They can reach speeds of more than 40km (c. 25 miles) an hour, clear hurdles more than eight feet high and even pirouette — and they manage it all with just one toe on each foot. Horses are singular in this fascinating characteristic, but it did not start out that way.
While the modern day horse has one toe on each foot, his predecessors had four toes on their front feet and three on their back. 
In “How the Horse Became the Only Animal with One Toe”, HorseTango.com member Colt writes:
While it has long been thought that the shift was linked to horses moving from forest to grassland environments, it was unclear how this anatomical change happened.
Now researchers say they have cracked the conundrum.
“The centre digit was compensating simultaneously for increasing body size and reducing side digits – which is definitely not something we knew before,” said the aptly named Brianna McHorse, first author of the research and a PhD candidate at Harvard University. 
Giorgia Guglielmi writing similarly for ScienceMag.org states:
How horses—whose ancestors were dog-sized animals with three or four toes—ended up with a single [toe] has long been a matter of debate among scientists. Now, a new study suggests that as horses became larger, one big toe provided more resistance to bone stress than many smaller toes.
To trace the evolution of the horse toe, researchers first examined 13 fossilized horse leg bones, from those of the 50-million-year-old, dog-sized Hyracotherium (which had three toes on his hind feet and four on his forefeet) to those of modern horses. They measured features like bone length and area using 3D scanning, which revealed the bones’ resistance to stresses such as squeezing or bending.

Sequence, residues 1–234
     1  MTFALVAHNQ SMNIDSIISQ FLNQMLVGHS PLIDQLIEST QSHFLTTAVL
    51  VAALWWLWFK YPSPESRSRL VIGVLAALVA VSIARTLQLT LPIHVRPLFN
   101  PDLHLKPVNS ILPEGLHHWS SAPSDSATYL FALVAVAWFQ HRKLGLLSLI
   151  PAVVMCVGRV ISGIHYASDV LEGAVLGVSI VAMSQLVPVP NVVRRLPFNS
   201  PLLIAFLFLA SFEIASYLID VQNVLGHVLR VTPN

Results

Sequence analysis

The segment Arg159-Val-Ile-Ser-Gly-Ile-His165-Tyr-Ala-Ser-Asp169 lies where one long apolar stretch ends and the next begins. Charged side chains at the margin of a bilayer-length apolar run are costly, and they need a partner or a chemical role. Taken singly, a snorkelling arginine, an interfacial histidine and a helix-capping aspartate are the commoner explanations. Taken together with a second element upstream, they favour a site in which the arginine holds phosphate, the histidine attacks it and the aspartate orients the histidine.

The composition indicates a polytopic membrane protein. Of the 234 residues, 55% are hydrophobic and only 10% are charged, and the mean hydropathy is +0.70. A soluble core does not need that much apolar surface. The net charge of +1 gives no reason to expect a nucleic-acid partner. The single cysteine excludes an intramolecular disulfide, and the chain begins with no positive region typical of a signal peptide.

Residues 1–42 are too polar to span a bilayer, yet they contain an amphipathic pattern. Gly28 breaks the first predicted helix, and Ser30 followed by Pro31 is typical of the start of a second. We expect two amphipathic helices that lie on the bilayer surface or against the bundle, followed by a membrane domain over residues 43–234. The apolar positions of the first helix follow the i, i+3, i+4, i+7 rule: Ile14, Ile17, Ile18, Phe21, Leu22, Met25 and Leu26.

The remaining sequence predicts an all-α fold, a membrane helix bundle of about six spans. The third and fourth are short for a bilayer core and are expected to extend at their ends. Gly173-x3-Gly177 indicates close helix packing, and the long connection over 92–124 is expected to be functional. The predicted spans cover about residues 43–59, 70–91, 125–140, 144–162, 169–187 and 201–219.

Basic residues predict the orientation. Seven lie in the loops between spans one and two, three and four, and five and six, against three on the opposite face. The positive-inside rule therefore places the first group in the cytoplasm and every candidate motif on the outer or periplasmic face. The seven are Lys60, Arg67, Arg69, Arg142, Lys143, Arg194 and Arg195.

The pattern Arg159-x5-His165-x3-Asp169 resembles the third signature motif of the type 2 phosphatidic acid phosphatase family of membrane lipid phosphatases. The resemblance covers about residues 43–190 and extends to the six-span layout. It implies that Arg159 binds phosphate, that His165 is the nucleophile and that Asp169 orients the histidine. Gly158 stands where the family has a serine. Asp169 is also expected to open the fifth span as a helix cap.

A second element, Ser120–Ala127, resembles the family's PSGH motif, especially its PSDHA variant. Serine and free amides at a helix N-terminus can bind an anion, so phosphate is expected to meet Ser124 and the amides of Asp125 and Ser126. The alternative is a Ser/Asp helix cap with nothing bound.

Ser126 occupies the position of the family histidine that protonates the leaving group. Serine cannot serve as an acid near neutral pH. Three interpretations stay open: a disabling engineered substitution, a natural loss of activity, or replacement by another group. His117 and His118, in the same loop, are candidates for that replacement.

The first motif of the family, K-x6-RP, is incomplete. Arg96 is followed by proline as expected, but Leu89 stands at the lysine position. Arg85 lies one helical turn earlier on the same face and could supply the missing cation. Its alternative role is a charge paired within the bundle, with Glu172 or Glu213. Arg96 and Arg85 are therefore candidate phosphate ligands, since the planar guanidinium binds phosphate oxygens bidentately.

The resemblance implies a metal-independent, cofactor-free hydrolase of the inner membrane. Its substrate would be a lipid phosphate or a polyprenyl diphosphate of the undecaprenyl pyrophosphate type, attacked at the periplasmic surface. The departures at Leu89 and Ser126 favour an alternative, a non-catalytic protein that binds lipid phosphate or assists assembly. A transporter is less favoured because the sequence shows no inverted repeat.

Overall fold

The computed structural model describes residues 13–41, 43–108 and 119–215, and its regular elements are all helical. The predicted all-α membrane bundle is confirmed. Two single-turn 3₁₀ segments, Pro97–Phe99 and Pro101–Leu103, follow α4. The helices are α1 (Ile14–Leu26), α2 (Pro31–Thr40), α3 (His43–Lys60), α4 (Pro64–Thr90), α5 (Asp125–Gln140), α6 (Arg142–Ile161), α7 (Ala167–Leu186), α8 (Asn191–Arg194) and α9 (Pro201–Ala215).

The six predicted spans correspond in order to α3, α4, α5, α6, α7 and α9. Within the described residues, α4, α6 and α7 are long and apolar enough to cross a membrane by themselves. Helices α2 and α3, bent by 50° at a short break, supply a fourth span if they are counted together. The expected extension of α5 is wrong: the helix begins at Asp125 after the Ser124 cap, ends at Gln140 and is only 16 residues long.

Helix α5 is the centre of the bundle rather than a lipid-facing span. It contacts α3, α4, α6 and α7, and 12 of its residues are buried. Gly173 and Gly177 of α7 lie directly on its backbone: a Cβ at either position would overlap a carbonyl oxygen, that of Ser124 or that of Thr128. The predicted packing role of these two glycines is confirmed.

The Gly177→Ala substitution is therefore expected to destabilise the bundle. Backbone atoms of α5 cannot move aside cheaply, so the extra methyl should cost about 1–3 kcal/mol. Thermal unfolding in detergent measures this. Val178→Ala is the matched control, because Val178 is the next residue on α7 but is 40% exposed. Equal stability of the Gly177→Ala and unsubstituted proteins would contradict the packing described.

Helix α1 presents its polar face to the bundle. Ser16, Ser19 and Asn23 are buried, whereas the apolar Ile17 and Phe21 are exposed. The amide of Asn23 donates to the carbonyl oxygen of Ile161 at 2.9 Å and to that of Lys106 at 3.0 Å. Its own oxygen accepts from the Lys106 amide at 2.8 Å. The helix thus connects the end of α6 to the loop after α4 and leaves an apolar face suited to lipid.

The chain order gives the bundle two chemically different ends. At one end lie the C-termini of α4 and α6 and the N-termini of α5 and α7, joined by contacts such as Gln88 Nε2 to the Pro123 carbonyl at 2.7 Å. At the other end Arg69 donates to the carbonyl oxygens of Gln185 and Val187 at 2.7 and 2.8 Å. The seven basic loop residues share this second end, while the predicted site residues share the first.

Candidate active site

The team then estimated the body weight of each of the horses and calculated how much stress their leg bones would have been subjected to when trotting or jumping. As their body mass increased, horses’ center toes got bigger and more resistant to stress, whereas their side toes shrank and eventually disappeared. (August 2017). 
Robin Bendrey, a zooarchaeologist from the University of Edinburgh who was not involved in the research, said the study was exciting.
“[It] makes a major contribution to explaining a major evolutionary adaptative trend of the family Equidae and one which ultimately produced an animal that has been so influential in human history,” he said. 
Shakespeare said, “No Foot. No Horse”. The triangle at the bottom of a horse’s foot (the frog) provides shock absorption, traction, protection and more. See “Equine Hoof Care: The Flourishing Frog,” TheHorse.com, 11 July 2019.
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